Thursday, October 23, 2008

Mosaic Mushrooms



Who doesn't love a good mushroom ? Whether on a pizza, or hanging out in the garden with the gnomes. Here is the how to for these super nifty garden mushrooms! You can of course take this how to and tweak it, this is a pretty forgiving project. The measurements I've given are just a guideline and you can use whatever size pots, and saucers you want, given of course that they fit together! :)








For the small mushroom you will need-
  • -Two small Terra-Cotta pots, one inch and a 1/2 pot ( pretty tiny) and one 3 inch pot, for the stem.
  • -One 4 inch Terra Cotta saucer

For the medium mushroom you will need-
  • -One 5 and 1/2 inch pot for the stem
  • -Two saucers, one 7 and 1/2 inch and a 4 inch.

For the large mushroom you will need-
  • -Two pots for the stem, one 5 and 1/2 inch pot and one 3 and 1/2 inch pot.
  • -Two saucers for the top, one 10 inch, and one 5 and 1/2 inch.

Other materials needed:
  • -Flat marbles in color of your choice (they usually come in mesh bags, found at any craft store)
  • -You can use polished pebbles (also in mesh bags at the craft store), or more flat marbles to cover the mushroom cap surface.
  • -Acrylic paint in shades of tan or creme
  • -Paint brush and sponge
  • -Ceramic Tile Adhesive and Caulk in white
  • -Clear Acrylic Gloss (or matte), water-resistant spray coat.
  • -Grout is optional, I didn't use it but if you prefer that look go ahead and use it.

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Assembly-
Here is where the fun begins! Like I said this project is very forgiving so don't be afraid to use different sized pots than the ones I used, and different colored marbles or stones.

Step 1.) For the two larger mushrooms that have two saucers put together for the top. Flip the smaller saucer over so that the bottom is facing up and stack that on top of the larger saucer, which should also have the bottom facing up..they should resemble a mushroom cap when placed together. Then use the Ceramic Tile Adhesive to affix the smaller saucer on top of the larger saucer, let these dry for 24 hours.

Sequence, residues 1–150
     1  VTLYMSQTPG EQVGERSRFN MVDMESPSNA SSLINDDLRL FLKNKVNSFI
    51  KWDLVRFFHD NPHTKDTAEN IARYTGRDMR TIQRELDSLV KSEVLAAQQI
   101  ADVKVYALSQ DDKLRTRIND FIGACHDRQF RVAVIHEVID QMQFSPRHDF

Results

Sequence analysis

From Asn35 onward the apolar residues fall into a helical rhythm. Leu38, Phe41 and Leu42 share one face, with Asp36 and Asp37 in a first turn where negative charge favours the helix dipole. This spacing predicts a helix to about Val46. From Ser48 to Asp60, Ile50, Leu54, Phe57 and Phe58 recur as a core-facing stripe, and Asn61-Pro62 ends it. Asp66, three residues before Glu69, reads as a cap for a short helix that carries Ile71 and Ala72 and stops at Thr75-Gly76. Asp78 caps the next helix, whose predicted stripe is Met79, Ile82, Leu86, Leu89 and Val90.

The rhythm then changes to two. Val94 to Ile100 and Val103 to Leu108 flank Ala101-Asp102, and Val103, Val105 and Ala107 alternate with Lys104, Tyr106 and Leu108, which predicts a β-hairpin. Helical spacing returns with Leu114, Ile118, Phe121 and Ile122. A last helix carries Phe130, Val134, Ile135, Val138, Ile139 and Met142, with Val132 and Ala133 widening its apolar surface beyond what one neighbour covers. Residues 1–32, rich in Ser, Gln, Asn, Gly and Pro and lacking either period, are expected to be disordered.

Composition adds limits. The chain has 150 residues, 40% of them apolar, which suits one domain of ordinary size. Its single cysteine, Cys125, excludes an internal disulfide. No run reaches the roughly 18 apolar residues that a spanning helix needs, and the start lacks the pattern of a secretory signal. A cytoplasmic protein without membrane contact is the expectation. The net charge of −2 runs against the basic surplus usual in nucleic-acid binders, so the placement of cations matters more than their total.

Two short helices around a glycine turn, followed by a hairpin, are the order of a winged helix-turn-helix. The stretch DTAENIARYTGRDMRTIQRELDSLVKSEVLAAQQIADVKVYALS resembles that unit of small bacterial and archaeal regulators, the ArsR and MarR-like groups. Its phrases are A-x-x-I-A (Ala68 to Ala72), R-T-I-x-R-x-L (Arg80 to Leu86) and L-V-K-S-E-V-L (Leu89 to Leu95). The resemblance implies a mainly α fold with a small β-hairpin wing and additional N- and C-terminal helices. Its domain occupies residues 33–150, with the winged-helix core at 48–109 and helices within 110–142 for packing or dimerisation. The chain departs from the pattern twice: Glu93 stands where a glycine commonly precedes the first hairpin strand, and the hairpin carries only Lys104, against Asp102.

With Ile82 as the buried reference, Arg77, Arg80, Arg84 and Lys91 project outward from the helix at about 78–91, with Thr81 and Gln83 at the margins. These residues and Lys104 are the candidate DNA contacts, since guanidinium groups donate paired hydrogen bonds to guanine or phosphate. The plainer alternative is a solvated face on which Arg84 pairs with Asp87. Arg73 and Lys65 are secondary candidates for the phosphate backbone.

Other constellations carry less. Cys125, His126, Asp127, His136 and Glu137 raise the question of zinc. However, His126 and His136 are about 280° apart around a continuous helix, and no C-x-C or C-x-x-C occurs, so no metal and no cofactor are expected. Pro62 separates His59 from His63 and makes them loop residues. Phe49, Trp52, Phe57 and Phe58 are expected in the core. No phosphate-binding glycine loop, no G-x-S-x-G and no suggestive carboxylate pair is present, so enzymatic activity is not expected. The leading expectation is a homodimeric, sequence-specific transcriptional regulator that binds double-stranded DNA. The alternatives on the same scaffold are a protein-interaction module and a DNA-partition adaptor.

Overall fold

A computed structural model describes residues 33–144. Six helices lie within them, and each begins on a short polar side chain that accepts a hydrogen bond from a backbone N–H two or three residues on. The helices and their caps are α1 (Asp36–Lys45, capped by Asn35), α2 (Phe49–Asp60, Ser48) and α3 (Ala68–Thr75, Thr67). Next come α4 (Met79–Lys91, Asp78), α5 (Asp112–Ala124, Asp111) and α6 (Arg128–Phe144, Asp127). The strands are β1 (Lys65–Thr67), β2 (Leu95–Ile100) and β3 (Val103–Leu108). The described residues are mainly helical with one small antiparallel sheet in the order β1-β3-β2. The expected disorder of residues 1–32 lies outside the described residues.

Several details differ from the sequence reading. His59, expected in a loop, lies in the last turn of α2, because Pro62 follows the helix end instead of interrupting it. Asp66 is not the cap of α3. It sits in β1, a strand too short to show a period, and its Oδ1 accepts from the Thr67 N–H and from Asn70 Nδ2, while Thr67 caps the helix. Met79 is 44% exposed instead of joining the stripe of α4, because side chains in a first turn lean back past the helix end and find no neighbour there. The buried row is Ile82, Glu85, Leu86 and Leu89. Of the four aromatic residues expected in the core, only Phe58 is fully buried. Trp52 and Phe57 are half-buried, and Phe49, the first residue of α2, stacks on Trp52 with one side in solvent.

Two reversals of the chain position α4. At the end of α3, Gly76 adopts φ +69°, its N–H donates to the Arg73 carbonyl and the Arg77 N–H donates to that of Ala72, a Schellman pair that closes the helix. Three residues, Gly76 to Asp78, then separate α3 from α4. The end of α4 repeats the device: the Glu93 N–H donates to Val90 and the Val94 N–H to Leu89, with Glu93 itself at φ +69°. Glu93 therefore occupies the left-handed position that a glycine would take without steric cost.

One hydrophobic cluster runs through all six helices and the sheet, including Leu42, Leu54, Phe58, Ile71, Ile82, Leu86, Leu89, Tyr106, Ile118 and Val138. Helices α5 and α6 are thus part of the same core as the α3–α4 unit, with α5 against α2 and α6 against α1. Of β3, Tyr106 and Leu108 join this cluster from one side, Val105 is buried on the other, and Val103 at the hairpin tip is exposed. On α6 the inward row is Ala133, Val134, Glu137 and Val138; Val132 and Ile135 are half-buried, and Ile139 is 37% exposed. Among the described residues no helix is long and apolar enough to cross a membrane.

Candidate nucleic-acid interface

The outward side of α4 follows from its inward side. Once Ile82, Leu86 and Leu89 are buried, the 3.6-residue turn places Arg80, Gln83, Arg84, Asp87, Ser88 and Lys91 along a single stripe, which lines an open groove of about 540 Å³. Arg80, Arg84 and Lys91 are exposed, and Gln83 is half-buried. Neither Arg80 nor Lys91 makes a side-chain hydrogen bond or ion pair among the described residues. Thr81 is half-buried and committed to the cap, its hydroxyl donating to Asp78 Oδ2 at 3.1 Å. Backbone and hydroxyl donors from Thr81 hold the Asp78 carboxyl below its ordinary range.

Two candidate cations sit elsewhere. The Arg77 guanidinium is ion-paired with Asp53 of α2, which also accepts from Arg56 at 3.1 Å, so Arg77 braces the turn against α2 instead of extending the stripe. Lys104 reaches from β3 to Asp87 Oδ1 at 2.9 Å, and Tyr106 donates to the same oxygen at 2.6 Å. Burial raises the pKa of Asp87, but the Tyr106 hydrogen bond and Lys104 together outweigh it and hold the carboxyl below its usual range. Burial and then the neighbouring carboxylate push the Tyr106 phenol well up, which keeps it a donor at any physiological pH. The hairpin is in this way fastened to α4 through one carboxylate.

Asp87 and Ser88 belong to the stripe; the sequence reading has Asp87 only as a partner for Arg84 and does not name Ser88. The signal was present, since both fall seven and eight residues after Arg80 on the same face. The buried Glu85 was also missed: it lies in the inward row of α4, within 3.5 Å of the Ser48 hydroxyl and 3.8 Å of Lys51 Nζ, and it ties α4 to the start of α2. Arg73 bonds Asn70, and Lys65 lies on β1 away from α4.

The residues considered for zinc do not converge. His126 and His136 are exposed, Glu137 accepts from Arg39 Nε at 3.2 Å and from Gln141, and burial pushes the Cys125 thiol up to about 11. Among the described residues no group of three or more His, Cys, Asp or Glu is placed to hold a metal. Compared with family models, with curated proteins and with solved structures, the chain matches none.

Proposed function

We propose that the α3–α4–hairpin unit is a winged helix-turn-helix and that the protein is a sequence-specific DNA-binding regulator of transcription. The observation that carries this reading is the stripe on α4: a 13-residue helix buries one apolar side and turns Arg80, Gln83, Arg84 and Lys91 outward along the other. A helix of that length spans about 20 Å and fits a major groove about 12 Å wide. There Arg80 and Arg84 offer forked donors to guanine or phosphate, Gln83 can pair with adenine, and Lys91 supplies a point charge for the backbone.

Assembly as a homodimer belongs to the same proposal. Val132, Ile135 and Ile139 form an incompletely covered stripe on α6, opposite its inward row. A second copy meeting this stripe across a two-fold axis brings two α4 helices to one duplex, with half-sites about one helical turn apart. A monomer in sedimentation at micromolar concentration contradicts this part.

Step 2.) For the small mushroom and the large one that have more than one pot stacked together for the stem, do the same thing as in step one. Using the tile adhesive, glue the smaller pot on top of the larger pot (just like you were stacking them ) and let dry for 24 hours.

Step 3.) After base pots dry for 24hrs, paint the mushroom "stems", with acrylic paint. I used a tan base coat, let that dry then applied a lighter creme or tan color, and using a dry sponge dragged it down the sides for a layered effect, it makes it look more like a real mushroom stem. Let paint dry.



Step 4.) After paint is fully dry, using tile adhesive affix the mushroom tops to their bases with a liberal amount of adhesive, let dry 24hrs again.

Step 5.) Now using the tile adhesive again, or a heavy duty glue, begin applying the flat marbles on to the top of the "mushroom caps", and down the sides, in whatever pattern or colors you wish. When you begin affixing the marbles and pebbles to the sides of the saucers, they might slide a little so sometimes you have to hold each marble or pebble in place for a few seconds until it sticks by itself. Let dry for 24 hrs again.


Step 6.) If you plan on putting your mushrooms outside spray them using a water resistant clear gloss, or matte spray.

It is a fair bit of work but when you are done you'll have a lovely set of mushrooms for your garden or home!

3 comments:

Alaskan Dave Down Under said...

Those look really cool. One problem in the manufacturing: You don't get to play with power tools! :)

Gretchen said...

Thanks! You should definitely make some garden mushrooms with power tools, I bet they'd be pretty nifty, maybe even better than mine! All though I'm not quite sure what materials you'd use...hmmm.

Leslie Lim said...

I read your blog.I thought it was great.. Hope you have a great day. God bless.

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